The rock of Juanes becomes a lullaby

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The rock of Juanes becomes a lullaby Photograph courtesy of Rockabye Baby featuring Lisa Roth, creator of the record label that has been given the task of making baby versions of artists for adults. EFE / Rockabye Baby / ONLY EDITORIAL USE / NO SALES

 Miami, .- Lady Gaga, Beyoncé, Metallica, Taylor Swift and Nirvana are some of the artists whose music has been transformed into lullabies by Rockabye Baby, who is now betting on the Colombian Juanes as the first Latin musician of this particular list.

“I listened to Juanes for the first time almost 10 years ago and I always knew that I wanted it in my catalog,” says Efe Lisa Roth, creator of the record label that has been given the task of making baby versions of artists for adults.

The businesswoman claims that she “fell in love” with the music of the singer of “La camisa negra” since she happened to listen to her music in her sister’s car, although she did not understand his lyrics because she does not speak any Spanish.

Although Juanes did not participate directly in the versions and production of the album, he has declared himself “excited”.
“It is an honor for me to be part of this project,” the Colombian artist told Efe from his studio. “As an artist and a parent, I know how important it is to have this connection with your children through music from an early age.”

That was exactly Roth’s goal when I created Rockabye Baby almost two decades ago. “Baby music was all the same,” explains Roth, whose surname supports his musical pedigree.

His brother is the singer-songwriter and producer David Lee Roth, better known as vocal leader of the rock band Van Halen.
The seed of Rockabye Baby was born after unsuccessfully searching for a musical gift for the baby of a friend who was about to be born. With a mixture of mockery and humor he declared that something like “Sex Pistols for babies” should exist.

I was not the only one who thought the same, and the concept caught on in such a way that not only did it become a successful company, but it was received with enthusiasm by the musicians themselves.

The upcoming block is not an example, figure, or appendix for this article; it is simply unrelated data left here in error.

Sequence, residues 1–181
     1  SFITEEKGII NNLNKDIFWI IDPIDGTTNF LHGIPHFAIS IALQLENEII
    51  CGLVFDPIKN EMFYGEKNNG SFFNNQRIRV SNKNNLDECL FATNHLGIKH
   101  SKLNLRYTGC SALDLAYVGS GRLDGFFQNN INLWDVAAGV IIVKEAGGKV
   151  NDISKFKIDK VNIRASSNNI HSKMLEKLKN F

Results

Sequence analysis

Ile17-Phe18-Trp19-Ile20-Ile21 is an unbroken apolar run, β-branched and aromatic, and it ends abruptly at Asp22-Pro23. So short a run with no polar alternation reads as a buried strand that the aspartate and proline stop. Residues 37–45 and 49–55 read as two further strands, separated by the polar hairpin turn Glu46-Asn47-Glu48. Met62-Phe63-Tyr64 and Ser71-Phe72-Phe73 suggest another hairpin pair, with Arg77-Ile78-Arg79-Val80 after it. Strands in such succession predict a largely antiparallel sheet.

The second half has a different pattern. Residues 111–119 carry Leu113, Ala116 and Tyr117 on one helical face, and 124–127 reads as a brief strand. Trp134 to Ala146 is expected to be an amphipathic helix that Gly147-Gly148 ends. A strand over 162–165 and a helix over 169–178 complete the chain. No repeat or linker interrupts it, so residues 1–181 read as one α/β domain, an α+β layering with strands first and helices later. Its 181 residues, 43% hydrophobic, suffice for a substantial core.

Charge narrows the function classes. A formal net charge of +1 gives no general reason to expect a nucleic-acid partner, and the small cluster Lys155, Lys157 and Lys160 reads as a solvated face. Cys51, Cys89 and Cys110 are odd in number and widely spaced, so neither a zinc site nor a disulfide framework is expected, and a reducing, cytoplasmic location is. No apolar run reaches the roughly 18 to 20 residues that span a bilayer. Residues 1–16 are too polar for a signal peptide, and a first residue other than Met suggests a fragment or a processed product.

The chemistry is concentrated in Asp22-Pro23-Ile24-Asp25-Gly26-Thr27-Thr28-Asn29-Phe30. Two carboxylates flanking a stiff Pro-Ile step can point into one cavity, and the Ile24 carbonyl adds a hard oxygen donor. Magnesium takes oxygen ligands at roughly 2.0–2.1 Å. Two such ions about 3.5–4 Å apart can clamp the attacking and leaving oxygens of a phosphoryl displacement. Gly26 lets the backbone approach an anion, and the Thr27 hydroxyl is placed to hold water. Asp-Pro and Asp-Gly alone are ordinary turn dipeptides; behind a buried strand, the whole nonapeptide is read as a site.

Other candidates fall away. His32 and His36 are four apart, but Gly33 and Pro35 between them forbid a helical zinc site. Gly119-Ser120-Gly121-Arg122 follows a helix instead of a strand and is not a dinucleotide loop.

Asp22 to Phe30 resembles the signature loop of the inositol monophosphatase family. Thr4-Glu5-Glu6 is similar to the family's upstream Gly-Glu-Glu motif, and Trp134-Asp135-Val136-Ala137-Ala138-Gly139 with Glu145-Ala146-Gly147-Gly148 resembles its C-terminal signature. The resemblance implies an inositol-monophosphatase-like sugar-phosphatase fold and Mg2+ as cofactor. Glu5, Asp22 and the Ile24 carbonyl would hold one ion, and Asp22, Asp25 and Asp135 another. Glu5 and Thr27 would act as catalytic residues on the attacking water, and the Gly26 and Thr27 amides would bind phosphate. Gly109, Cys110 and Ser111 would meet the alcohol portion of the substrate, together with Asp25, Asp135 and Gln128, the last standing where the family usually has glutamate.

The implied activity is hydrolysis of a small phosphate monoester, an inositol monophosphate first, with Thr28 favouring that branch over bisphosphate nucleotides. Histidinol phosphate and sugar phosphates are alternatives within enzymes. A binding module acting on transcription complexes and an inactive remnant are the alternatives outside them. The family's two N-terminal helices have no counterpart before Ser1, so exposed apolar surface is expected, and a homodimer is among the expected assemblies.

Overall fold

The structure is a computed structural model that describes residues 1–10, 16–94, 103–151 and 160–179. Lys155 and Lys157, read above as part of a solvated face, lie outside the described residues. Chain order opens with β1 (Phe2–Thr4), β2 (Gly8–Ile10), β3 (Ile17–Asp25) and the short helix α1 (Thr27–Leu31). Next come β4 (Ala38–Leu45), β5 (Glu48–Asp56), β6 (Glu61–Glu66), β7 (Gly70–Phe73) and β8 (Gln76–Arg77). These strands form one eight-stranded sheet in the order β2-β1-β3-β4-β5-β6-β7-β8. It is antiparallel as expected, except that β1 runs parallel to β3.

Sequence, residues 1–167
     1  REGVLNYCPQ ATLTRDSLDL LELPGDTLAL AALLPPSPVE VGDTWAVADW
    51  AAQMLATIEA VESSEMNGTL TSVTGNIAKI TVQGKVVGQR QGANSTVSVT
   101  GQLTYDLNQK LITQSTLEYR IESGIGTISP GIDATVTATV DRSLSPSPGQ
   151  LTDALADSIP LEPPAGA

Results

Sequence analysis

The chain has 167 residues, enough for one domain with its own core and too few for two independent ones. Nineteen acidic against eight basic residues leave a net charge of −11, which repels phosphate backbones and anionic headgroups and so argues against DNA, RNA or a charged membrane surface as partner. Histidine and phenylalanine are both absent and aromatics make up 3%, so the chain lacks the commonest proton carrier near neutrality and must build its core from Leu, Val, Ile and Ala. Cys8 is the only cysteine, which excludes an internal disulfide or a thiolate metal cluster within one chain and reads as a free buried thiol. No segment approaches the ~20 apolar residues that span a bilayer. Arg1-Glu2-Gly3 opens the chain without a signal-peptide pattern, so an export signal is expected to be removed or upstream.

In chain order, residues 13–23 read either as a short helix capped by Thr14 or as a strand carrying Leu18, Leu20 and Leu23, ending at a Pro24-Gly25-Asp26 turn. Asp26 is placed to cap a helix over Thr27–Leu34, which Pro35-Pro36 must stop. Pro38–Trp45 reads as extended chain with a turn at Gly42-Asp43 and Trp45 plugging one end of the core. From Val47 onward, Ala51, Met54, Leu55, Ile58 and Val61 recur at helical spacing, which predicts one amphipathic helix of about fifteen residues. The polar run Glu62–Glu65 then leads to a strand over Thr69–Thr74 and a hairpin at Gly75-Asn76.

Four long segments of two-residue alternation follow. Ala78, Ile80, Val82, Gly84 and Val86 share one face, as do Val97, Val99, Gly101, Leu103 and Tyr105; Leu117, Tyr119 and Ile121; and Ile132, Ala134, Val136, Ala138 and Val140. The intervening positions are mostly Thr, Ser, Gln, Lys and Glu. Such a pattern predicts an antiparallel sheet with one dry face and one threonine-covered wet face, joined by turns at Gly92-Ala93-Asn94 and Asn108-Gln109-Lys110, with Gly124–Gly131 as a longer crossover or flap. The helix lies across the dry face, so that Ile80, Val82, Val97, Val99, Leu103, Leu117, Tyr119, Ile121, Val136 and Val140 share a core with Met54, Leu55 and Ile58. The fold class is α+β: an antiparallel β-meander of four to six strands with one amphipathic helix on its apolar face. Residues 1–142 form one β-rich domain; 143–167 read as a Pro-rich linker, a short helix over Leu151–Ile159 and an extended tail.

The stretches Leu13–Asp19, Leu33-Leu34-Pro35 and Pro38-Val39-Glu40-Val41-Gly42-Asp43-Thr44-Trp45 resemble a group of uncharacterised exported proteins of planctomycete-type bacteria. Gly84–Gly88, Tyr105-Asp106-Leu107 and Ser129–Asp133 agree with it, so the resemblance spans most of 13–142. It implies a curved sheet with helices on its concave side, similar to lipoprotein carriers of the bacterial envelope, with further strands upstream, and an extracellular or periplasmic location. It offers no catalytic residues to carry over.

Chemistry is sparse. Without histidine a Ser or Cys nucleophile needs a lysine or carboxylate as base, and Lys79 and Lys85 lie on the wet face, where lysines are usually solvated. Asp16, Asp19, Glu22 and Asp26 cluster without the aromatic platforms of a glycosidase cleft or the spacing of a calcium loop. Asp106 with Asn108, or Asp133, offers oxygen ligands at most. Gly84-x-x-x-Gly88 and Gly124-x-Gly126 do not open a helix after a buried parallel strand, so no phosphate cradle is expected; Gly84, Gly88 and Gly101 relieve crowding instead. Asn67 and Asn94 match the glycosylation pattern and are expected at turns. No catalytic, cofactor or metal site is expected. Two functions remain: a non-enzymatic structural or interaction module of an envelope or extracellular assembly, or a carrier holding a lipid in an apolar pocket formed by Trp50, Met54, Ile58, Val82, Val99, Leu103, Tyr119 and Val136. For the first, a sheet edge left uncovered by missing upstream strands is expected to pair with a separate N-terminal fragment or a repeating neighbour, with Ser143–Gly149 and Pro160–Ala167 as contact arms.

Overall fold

“We take the songs of the artists that work with our concept,” he explains. With the exception of some stars that do not give anyone the right to use their music, “everyone we have approached has granted us licenses,” he says.
The themes are adapted and recorded instrumentally with “relaxing” instruments and in the case of Juanes’ music, the xylophone was chosen as the main instrument.
Among the songs included are “To God I ask”, “Yerbatero”, “It’s for you”, “See you again”, “I fall in love”, “Light” and “Photography”, among others.

The catalog of Rockabye Baby has more than 100 productions, among which are also themes of artists as diverse as The Beastie Boys, Adele, Drake, Johnny Cash, The Doors and the soundtrack of the successful musical theater play “Hamilton”.

“We started with rock, but every time we added more genres,” says Roth, who still finds humor in lullabies versions of metal band themes such as Iron Maiden, Rush, Black Sabbath and Kiss.
According to Roth, the best sellers have been the baby versions of the Beatles, Coldplay, Queen and Journey songs, but one surprise was the success of the Blink-182 songs.

In total, in 2017 59% of the sales were downloads on the internet with 315 million reproductions and have sold more than 400,000 discs via digital, more than 2 million songs and 1.8 sales of physical discs.

Roth rejected the decision to incorporate Juanes as his first Latin artist to specifically seek to present the company to the growing number of Hispanic parents. “Good music transcends languages ​​or cultures,” he says.

“Our goal has always been to build bridges between families.” Parents and grandparents share their favorite music with their babies with Rockabye Baby, “he says.
However, he recognizes that among his immediate plans are ten other artists who have written their lyrics in Spanish, although he declined to name names. “I do not want to take away the impact, but we will have at least one more this year,” he says.

He also has a long list of other Latin artists whose music he would like to adapt, including Marc Anthony.
The New York-born musician of Puerto Rican origin published the instrumental album “Marc Anthony for Babies” in 2017, an initiative that was added to the market for children’s music projects such as those published by the Mexican Thalía and the Venezuelans Chino y Nacho. (EFEUSA)

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